a pulse generator for repeatedly applying pacing electrical pulse pairs to the chamber, each electrical pulse pair including a first pulse preceding a second pulse and at least one of the first and second pulses having sufficient energy to exceed a pacing energy stimulation threshold of the chamber, the first pulse being of lesser energy than the second pulse according to a predetermined relationship, the first and second pulses for evoking a first response and a second response respectively of the chamber;
means for comparing the first response to the second responses to provide capture values corresponding to the difference between the first and second responses; and
threshold select means responsive to a transition between a positive and a negative capture value for selecting a pacing energy stimulation threshold.
18. The system of claim 17 wherein each pulse is characterized by an amplitude and the amplitude of the second pulse is selected to exceed the amplitude of the first pulse by a predetermined amount.
19. A cardiac stimulation device configured for determining the pacing stimulation threshold for stimulating cardiac tissue in a chamber of a heart, the stimulation device comprising:
a pulse generator configured to generate a pair of stimulation pulses at controlled amplitudes, wherein each pair of stimulation pulses includes a first pulse and second pulse, the first pulse preceding the second pulse and having an amplitude less than the second pulse according to a predetermined relationship;
a detection circuit configured to receive first and second responses from the cardiac tissue in response to the first and second pulses;
a subtractor circuit configured to determine the difference in the amplitudes of the first and second responses;
a controller which determines that the first pulse is below the pacing stimulation threshold when the difference between the first and second responses transitions from a positive to a negative value; and wherein
the controller periodically decrements the amplitude of each of the pulses of the pair of stimulation pulses until the controller determines that the amplitude of the first pulse is below the pacing stimulation threshold; whereby the controller determines the pacing stimulation threshold.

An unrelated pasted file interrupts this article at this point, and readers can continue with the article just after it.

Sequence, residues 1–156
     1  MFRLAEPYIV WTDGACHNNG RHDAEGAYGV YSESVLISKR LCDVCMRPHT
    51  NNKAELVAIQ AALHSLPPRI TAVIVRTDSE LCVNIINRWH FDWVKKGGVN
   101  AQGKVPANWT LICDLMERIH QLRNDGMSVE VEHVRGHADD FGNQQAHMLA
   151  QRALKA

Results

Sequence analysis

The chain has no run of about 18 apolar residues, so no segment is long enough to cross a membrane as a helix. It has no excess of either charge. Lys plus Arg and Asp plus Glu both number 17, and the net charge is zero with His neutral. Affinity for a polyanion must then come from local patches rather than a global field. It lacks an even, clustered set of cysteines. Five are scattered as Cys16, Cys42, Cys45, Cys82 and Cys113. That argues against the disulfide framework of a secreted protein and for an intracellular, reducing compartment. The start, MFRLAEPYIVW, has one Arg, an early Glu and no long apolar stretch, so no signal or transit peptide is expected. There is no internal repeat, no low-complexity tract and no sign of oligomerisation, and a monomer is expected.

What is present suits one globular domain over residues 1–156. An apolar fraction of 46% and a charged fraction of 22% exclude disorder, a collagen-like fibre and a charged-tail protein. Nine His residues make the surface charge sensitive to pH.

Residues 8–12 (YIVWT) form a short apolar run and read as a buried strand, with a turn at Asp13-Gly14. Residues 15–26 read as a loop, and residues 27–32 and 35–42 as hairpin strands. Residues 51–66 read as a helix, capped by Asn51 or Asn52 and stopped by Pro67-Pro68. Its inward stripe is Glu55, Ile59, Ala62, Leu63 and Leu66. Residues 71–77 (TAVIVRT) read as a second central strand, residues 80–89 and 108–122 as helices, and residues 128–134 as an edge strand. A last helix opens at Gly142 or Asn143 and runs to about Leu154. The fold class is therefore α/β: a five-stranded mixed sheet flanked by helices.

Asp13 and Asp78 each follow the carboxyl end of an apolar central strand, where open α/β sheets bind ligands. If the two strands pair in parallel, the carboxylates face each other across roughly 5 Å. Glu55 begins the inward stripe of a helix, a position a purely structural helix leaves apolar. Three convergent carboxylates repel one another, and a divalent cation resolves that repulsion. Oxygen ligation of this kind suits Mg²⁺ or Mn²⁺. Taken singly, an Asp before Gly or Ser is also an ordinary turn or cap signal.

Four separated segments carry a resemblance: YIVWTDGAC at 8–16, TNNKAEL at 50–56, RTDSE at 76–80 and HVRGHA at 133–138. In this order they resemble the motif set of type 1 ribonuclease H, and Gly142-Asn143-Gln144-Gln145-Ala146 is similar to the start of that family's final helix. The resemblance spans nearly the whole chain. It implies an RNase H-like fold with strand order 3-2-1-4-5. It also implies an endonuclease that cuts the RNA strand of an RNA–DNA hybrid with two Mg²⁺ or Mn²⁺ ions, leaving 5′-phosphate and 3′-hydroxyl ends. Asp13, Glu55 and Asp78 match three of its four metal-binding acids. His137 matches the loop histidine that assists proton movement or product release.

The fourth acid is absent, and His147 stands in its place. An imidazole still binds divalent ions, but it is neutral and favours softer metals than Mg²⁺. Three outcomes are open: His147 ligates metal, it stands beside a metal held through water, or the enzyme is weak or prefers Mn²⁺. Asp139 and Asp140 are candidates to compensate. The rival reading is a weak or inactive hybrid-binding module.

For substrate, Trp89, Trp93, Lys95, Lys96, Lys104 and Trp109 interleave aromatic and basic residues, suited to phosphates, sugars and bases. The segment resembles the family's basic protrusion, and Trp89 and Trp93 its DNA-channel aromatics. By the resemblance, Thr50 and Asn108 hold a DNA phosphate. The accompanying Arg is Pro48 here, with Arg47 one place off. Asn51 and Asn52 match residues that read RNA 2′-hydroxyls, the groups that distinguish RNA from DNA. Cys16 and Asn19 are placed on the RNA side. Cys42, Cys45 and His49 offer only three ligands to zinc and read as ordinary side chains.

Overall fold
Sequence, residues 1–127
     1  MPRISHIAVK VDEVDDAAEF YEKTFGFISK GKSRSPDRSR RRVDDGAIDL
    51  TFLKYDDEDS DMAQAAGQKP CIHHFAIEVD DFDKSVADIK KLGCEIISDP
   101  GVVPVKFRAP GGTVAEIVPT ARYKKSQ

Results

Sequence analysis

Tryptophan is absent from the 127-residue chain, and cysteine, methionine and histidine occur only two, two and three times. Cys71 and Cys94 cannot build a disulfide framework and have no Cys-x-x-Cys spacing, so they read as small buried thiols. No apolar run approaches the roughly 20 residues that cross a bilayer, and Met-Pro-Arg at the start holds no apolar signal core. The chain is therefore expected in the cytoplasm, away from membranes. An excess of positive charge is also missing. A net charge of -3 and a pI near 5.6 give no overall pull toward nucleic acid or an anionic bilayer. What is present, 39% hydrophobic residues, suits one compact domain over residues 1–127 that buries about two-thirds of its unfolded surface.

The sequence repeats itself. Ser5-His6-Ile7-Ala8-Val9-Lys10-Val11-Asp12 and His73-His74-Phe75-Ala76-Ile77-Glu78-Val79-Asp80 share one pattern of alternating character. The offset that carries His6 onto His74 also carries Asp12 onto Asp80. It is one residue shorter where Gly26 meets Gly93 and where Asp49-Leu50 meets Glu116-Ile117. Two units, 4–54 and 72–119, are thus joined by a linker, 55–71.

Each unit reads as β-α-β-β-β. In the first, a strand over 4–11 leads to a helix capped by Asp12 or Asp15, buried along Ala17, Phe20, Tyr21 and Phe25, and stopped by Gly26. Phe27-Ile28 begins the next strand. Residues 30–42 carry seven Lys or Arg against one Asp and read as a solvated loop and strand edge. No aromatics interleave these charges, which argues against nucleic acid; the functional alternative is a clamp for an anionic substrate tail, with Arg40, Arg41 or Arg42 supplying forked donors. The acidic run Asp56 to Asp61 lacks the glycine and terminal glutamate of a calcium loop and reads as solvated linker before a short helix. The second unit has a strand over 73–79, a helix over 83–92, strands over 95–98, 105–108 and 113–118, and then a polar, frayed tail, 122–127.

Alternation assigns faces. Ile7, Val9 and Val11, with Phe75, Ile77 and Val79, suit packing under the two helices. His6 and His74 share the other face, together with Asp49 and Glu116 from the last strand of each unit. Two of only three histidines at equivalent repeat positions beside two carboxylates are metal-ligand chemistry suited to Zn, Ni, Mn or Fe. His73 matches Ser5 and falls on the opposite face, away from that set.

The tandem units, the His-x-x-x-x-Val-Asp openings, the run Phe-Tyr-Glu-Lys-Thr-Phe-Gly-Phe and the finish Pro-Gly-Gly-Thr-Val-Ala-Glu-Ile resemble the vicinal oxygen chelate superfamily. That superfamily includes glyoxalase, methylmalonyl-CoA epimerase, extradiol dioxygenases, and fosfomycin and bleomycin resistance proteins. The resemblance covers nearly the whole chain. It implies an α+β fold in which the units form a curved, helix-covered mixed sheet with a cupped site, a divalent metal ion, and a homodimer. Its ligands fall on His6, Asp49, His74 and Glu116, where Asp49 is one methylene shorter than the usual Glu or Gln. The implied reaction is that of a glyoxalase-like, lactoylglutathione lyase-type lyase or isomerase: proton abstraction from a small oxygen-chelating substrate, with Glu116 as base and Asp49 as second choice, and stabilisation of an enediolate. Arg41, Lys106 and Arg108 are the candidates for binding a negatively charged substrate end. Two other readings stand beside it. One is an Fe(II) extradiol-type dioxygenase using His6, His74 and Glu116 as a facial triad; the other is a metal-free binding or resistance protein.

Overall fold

20. The cardiac stimulation device of claim 19 wherein the amplitude of the second pulse is selected to exceed the amplitude of the first pulse by a predetermined amount.
21. The cardiac stimulation device of claim 19 wherein the first and second pulses of each pair of stimulation pulses are separated by a predetermined time period between 40 and 100 milliseconds.
22. The cardiac stimulation device of claim 19 wherein the determined pacing stimulation threshold correspond to the amplitude of the first pulse of the pair of stimulation pulses applied prior to detecting a positive to negative transition of the difference between the first and second responses.
Description
FIELD OF THE INVENTION

The present invention is generally directed to a cardiac pacemaker having a system for automatically determining the pacing energy stimulation threshold of a chamber of a heart and more particularly to such a system and method which assures reliable pacing capture of the chamber as the pacing energy stimulation threshold is determined.

BACKGROUND OF THE INVENTION

Cardiac pacemakers are well known in the art. Such devices apply electrical pulses to one or more chambers of the heart. The energies of such applied electrical pulses are selected to be above the pacing energy stimulation threshold of the respective heart chamber to cause the heart muscle of that chamber to depolarize or contract. Depolarization of the heart muscle of the respective chamber in turn causes the respective chamber to contract. In this manner, the required pumping action of the heart is sustained.